ST. PETERSBURG, Florida—Bruce Zimmermann made his major league debut on September 17th, 2020 at an empty Oriole Park because of the pandemic. On Monday, Zimmermann will get to pitch in front of family and friends when he starts the team’s home opener.
“At a loss for words at first,” said Zimmermann, who grew up in Ellicott City and pitched for Loyola Blakefield. “Obviously, I was hoping to get into the rotation, but to be able to fall into that home opener position, it’s a dream come true, to be honest. It will probably be better than my debut.”
Zimmermann allowed five runs in three innings against Tampa Bay in his first game. He’ll be facing the Milwaukee Brewers in the opener.
“With the amount of fans that usually show up for Opening Day in Baltimore, and the orange carpet being back, all the fanfare that comes with Opening Day, I can’t put into words how excited I am for the opportunity.”
On Wednesday morning, when Zimmermann found out that he was starting the home opener, he went to work out. Before he could share the news with his friends and family, they already knew.
“My phone had already started blowing up,” Zimmermann said. “All my friends were hearing. me. I called my parents. I called my agent. It was pretty awesome … They’re all looking forward to it as much as I am.”
Zimmermann has bought about a dozen or so tickets. “All the friends, family friends, people I played for, played with growing up in Baltimore. It’s going to be a lot of people that are coming out and reaching out. Hopefully, I can say ‘thank you’ for each of them for being there.”
His first game will remain special even if the pandemic didn’t allow him to share it with family and friends.
“The debut will always be the debut,” Zimmermann said. “Nothing will change that. I still have fond, fond memories, and I’ll never forget that day, but this is as much of a secondary debut as I can ever ask for. That definitely will be right next to the debut as I can ever ask for. It definitely will be right next to the debut in the memory category, for sure.”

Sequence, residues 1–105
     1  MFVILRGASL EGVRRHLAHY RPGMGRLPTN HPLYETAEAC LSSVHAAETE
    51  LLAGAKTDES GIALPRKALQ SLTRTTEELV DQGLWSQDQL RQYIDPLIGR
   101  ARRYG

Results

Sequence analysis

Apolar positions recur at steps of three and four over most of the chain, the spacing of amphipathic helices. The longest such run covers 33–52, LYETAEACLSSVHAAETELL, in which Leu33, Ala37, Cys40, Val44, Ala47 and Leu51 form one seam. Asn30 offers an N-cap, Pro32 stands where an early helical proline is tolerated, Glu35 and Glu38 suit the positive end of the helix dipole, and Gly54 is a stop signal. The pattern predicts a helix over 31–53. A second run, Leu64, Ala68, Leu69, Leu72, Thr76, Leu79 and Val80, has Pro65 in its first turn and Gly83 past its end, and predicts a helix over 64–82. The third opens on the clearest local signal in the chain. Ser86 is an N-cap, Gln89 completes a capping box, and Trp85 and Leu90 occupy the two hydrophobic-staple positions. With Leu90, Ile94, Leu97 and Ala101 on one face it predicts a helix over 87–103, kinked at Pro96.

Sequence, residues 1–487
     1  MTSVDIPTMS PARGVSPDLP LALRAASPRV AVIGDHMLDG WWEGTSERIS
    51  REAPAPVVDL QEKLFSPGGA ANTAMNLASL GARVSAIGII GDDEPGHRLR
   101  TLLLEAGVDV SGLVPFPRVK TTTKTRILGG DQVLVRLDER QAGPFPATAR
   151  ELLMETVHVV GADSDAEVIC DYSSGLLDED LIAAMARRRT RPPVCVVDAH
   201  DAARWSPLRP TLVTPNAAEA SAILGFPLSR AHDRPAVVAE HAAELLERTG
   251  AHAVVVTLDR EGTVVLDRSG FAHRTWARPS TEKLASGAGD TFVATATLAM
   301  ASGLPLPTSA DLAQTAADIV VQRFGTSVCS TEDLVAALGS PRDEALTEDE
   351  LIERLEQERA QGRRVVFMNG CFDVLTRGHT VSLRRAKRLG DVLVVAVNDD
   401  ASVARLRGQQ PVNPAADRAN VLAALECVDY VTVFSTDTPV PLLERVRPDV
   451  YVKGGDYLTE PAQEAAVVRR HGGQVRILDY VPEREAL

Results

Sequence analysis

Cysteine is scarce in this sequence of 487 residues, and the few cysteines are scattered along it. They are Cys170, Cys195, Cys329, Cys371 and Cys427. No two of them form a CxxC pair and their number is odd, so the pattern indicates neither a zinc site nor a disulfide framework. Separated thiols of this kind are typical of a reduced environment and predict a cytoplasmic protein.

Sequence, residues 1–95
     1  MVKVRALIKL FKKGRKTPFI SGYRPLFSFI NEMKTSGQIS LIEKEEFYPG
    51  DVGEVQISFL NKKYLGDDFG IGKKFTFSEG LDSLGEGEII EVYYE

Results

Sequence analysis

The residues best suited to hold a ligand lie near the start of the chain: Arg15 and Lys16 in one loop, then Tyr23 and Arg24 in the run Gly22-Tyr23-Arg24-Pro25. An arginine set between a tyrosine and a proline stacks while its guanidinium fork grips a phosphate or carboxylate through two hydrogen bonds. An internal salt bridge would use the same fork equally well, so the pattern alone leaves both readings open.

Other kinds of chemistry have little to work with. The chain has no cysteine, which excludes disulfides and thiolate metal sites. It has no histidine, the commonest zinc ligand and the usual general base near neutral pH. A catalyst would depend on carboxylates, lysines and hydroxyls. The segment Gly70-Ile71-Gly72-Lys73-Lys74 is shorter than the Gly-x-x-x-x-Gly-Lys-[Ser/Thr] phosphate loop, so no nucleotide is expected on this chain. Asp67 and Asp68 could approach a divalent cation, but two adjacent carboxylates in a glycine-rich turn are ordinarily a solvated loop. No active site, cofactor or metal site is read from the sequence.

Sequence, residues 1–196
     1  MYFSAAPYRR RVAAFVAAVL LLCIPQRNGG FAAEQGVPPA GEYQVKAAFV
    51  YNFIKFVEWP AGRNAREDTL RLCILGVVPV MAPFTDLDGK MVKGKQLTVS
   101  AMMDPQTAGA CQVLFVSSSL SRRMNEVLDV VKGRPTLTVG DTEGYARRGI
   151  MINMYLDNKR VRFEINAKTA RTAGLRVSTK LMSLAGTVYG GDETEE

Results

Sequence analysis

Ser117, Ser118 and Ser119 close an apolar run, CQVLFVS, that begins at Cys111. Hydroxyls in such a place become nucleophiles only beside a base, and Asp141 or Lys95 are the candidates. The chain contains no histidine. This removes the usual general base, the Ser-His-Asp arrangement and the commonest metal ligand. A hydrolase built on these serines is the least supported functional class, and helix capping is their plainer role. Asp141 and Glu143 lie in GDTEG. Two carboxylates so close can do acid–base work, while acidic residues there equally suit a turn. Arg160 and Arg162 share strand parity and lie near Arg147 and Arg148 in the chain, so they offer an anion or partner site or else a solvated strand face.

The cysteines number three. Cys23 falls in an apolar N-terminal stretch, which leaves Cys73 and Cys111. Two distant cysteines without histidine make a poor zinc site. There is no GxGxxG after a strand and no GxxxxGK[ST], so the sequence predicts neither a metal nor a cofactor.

Zimmermann went to few Oriole openers growing up. His last one was in 2017, right before he was drafted.
“Growing up and watching on TV with the fanfare and the orange carpet, running in from center field. Just to be there is an honor, but to be a starter on that day, I’m going to have to zone everything out as soon as I get to the ballpark. I really want to take the time to enjoy every moment, if possible, but then when I need to focus on the game, I’ll be ready to go.
“Actual Opening Day or home opener, it really doesn’t matter to me. Either way, they’re both incredibly special. When I got traded to the Orioles, it was definitely a bucket-list thing that I’ll hopefully be able to accomplish. The fact that it happened so quickly, I’m very excited and blessed. I’m ready to go out there and get the Orioles’ faithful a ‘W’ on Opening Day.”
Opening Day ceremonies: The first pitches for Monday’s opener will be thrown by families of the late Baltimore City police officer, Keona Holley, and Baltimore City firefighters Paul Butrim, Kenneth Lacayo and Kelsey Sadler. Holley died on December 23th, 2021 after a shooting. Butrim, Lacayo and Sadler were killed in a house fire on January 24th.
Firefighter John McMaster, who was in critical condition after the blaze, will be on hand to throw out a pitch.
The Morgan State Choir will sing the national anthem.
Fans who wish to bid on seats that were displaced by the new left-field wall can do so between Monday at 1 p.m. and Sunday April 17th at 10 p.m. by visiting Orioles.com/Auction.
Major league debut: Eight Orioles — pitchers Keegan Akin, Bryan Baker, Mike Baumann, Félix Bautista and Joey Krehbiel, catcher Anthony Bemboom, infielder Kelvin Gutiérrez and outfielder Ryan McKenna — are on their first Opening Day roster.
Bautista is the only one who’ll be making his major league debut. Before last season, the 26-year-old right-hander hadn’t pitched above Low-A ball and was one of the last to hear that he was on the team.
“A lot of my friends had reached out already,” Bautista said through a translator. “They already knew, somehow. I got a bunch of congratulations messages. When I finally got called into [manager Brandon Hyde’s] office, then I found out that I made the team.”
Harvey signs: The Orioles announced that they have signed pitcher Matt Harvey to a minor league contract. Executive vice president/general manager Mike Elias said on Thursday that the team was close to a deal with the 33-year-old right-hander who is facing a possible suspension for acknowledging that he had supplied opioids to the late Los Angeles Angels pitcher Tyler Skaggs in the trial of former Angels communications director Eric Kay.
Notes: Catcher Beau Taylor and right-hander Spenser Watkins are the Orioles’ taxi squad for the weekend. … Hyde won’t say which pitchers he might use as part of the tandem starters in advance. … Right-handed pitcher Isaac Mattson has cleared waivers and been assigned outright to Triple-A Norfolk. The 40-man roster has 39 players.